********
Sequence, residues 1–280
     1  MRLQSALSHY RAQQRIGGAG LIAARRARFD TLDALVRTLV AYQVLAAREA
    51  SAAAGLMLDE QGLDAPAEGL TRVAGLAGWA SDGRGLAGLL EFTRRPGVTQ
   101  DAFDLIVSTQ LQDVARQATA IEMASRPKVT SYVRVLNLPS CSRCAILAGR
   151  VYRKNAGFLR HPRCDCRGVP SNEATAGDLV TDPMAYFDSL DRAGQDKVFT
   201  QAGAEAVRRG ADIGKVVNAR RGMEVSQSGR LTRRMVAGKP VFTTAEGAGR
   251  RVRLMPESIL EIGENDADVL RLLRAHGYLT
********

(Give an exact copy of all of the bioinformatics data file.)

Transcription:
Sequence, residues 1–280
     1  MRLQSALSHY RAQQRIGGAG LIAARRARFD TLDALVRTLV AYQVLAAREA
    51  SAAAGLMLDE QGLDAPAEGL TRVAGLAGWA SDGRGLAGLL EFTRRPGVTQ
   101  DAFDLIVSTQ LQDVARQATA IEMASRPKVT SYVRVLNLPS CSRCAILAGR
   151  VYRKNAGFLR HPRCDCRGVP SNEATAGDLV TDPMAYFDSL DRAGQDKVFT
   201  QAGAEAVRRG ADIGKVVNAR RGMEVSQSGR LTRRMVAGKP VFTTAEGAGR
   251  RVRLMPESIL EIGENDADVL RLLRAHGYLT